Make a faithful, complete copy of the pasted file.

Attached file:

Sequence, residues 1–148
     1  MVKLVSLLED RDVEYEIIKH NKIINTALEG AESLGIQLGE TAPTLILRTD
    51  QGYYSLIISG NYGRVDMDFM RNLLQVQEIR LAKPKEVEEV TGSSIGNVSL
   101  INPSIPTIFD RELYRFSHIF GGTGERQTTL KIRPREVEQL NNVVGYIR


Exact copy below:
Sequence, residues 1–148
     1  MVKLVSLLED RDVEYEIIKH NKIINTALEG AESLGIQLGE TAPTLILRTD
    51  QGYYSLIISG NYGRVDMDFM RNLLQVQEIR LAKPKEVEEV TGSSIGNVSL
   101  INPSIPTIFD RELYRFSHIF GGTGERQTTL KIRPREVEQL NNVVGYIR